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Cirta, Numidia (Micipsa Reign)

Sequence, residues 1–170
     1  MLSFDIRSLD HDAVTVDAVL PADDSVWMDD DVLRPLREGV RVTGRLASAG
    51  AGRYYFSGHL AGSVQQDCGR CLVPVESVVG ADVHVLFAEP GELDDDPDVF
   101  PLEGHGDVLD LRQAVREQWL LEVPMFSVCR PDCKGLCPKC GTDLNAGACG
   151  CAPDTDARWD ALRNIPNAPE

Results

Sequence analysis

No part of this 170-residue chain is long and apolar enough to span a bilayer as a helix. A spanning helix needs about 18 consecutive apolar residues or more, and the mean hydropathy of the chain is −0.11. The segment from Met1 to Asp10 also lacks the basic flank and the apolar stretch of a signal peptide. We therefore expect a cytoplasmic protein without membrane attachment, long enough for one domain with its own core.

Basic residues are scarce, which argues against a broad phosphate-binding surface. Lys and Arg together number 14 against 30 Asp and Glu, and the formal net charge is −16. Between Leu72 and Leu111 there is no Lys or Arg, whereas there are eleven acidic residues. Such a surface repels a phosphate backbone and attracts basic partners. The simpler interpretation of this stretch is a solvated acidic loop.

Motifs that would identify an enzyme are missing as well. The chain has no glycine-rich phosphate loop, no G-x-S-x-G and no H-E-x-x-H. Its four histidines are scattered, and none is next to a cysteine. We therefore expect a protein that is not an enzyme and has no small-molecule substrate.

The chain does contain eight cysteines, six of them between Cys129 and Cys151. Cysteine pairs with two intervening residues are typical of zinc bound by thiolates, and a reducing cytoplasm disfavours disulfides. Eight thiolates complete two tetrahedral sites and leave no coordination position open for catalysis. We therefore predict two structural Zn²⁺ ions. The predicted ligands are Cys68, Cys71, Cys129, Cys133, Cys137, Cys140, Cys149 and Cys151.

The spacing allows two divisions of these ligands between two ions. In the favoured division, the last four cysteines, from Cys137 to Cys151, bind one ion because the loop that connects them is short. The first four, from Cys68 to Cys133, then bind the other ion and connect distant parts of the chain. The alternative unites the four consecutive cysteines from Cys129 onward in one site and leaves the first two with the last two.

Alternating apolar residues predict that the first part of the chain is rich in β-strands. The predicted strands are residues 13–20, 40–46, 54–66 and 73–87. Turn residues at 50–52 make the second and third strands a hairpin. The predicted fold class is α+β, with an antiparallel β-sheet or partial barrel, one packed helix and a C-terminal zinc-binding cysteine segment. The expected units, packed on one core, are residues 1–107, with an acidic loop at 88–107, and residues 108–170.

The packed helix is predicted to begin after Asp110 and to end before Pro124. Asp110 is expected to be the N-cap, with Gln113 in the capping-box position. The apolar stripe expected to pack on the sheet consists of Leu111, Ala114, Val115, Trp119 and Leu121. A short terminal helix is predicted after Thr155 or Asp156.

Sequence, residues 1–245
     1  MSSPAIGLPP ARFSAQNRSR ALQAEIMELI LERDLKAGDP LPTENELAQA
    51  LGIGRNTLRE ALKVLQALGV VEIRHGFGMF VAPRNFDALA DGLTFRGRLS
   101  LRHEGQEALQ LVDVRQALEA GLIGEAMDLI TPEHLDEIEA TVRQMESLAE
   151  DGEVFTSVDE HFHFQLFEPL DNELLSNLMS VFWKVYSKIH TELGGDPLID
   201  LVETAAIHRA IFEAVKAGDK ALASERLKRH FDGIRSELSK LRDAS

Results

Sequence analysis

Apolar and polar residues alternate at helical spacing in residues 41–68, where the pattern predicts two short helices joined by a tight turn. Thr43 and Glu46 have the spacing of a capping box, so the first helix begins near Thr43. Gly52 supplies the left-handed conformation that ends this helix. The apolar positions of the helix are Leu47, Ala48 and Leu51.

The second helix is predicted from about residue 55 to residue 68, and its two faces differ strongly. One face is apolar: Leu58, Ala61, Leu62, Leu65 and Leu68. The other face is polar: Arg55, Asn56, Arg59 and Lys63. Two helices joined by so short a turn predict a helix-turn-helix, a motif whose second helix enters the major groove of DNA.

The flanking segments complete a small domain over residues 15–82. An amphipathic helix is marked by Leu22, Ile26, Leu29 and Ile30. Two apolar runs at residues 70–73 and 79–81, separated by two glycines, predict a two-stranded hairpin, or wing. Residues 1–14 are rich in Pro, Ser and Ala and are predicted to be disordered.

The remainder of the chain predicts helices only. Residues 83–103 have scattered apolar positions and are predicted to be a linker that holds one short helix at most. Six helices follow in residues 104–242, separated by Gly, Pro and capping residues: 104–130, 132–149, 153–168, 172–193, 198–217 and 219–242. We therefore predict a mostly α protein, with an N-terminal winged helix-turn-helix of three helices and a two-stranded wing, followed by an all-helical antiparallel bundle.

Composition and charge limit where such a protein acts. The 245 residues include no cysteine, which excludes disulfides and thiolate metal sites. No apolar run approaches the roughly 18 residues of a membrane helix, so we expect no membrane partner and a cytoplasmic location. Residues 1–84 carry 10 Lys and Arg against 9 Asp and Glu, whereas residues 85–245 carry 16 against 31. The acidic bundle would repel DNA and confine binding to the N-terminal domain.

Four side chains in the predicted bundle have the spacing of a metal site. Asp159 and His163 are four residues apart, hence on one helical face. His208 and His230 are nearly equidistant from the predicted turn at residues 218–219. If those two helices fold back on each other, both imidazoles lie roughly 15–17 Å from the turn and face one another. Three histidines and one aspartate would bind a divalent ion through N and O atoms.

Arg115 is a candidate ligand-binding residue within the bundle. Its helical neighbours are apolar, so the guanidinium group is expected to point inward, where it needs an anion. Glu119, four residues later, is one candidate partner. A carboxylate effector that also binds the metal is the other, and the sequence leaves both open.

[B]Cirta, Numidia (Micipsa Reign; 148-118 BC.) AE 28[/B] [u]Obv[/u]: Laureate and bearded head of Micipsa, facing left. [u]Rev[/u]: Horse galloping left; Punic MN initials below. [u]Attribution[/u]: Sear 6597; cf. SNG Cop. 510, Mazard 23, Muller 25. [u]Provenance[/u]: ex. M&M Numismatics, Ltd., 12.14.05. [u]Weight[/u]: 13.18 gm. [u]Maximal Diameter[/u]: 28.36 mm [u]Axis[/u]: 12 [u]Note[/u]: Eldest legitimate son of Masinissa, king of Numidia. Said to have been 'a lover of peace' (Appian Pun. 106) and a student of Greek philosophy. In 151 BC he was sent by Masinissa to Carthage (together with his younger brother Gulussa) as an emissary to demand the return of exiled pro-Numidian politicians, but was turned away at the city gates; an attack on Gulussa's convoy as they departed sparked a retaliatory action that, in turn, led to the Carthaginian-Numidian War of 150 BC. Succeeded to the throne on his father's death in the spring of 148 BC and was given the Numidian capital of Cirta (along with the royal palace and treasury there) by the Roman aristocrat Publius Cornelius Scipio Aemilianus, to whom Masinissa had given the authority to administer his estate. Micipsa wavered somewhat in his support for Rome during the Third Punic War, 'always promising arms and money . . . but always delaying and waiting to see what would happen' (Appian Pun. 111). This encouraged the Carthaginians to send an envoy to him with a plea for aid, supported by the claim that even Numidia was in danger of Roman subjugation; in the end he remained a loyal ally of Rome. The deaths from disease of both his younger brothers and co-rulers, Gulussa and Mastanabal, sometime after the fall of Carthage soon left him sole ruler of Numidia. Micipsa had two sons of his own named Adherbal and Hiempsal. (There may have been another son, also named Micipsa, though he is only mentioned by Diodorus Siculus; if he existed the prince may have died as an infant or child.) They were brought up in the royal palace together with their elder cousin Jugurtha, son of Mastanabal. Jugurtha grew up to become a fine athlete and an excellent hunter, well-loved by the people of Numidia; this was at first a source of gratification for the ageing Micipsa but later one of concern, since he began to consider the possibility that his popular nephew might seek to supplant him and his legitimate sons. In 142 BC the Roman commander Quintus Fabius Maximus Servilianus wrote to Micipsa asking for a division of war elephants to help in Rome's struggle against the Lusitanian rebel Viriatus. A few years later the king again sent aid to the Romans, this time in their fight versus the Spanish rebellion at Numantia; Jugurtha was sent to command all Numidian footsoldiers and cavalry during the expedition. His courage and intellect won him the friendship of the Roman commander Publius Cornelius Scipio Aemilianus, conqueror of Carthage and hereditary patron of Numidia's royal family. After the fall of Numantia Jugurtha returned home with a letter from Scipio addressed to his uncle; in it, the commander praised Jugurtha's exploits and congratulated Micipsa for having 'a kinsman worthy of yourself, and of his grandfather Masinissa' (Sallust Iug. 9). On this recommendation the king formally adopted Jugurtha and made him co-heir with his own children. In 118 BC, having reached an advanced age and feeling his death approach, Micipsa summoned the three princes to his bedside and urged them to maintain brotherly relations with one another for the good of the kingdom. He died a few days later. Numidia was soon torn apart by his sons' rivalry, with Jugurtha ordering Hiempsal's assassination and, in 112 BC, invading the capital city of Cirta and killing Adherbal against Roman wishes. The ensuing war with Rome led to Jugurtha's own defeat and execution in 104 BC. Under Micipsa's rule the amount of cultivated land in Numidia was increased. Although a terrible pestilence in 125 BC was said to have killed 800,000 of his subjects, Numidia's continued prosperity allowed the king to endow his capital with many new improvements and public buildings. He invited learned Greeks to his court and allowed Greek colonists to settle in Cirta. Bronze, copper, and lead coins bearing the letters 'MN' are attributed to Micipsa (and his father Masinissa), as is a Neo-Punic inscription on a statue base found at the Phoenician coastal town of Iol (Cherchel) that reads 'Micipsa, king of the Massylii". Source: Appian Punica 70,106, 111 and Hisp. 67; Sallust, Bellum Iugurthinum; Livy Periochae 50. See also the entry for Micipsa in William Smith's Dictionary of Greek and Roman Biography and Mythology (Boston: Little, Brown, and Company; 1867), as well as the entry for Jugurtha in The Oxford Classical Dictionary, edited by Simon Hornblower and Anthony Spawforth (Oxford: Oxford University Press, 1996). For archaeological evidence see P. G. Walsh, 'Massinissa', The Journal of Roman Studies vol. 55 no. 1/2, pp. 149-160 (1965). GK212

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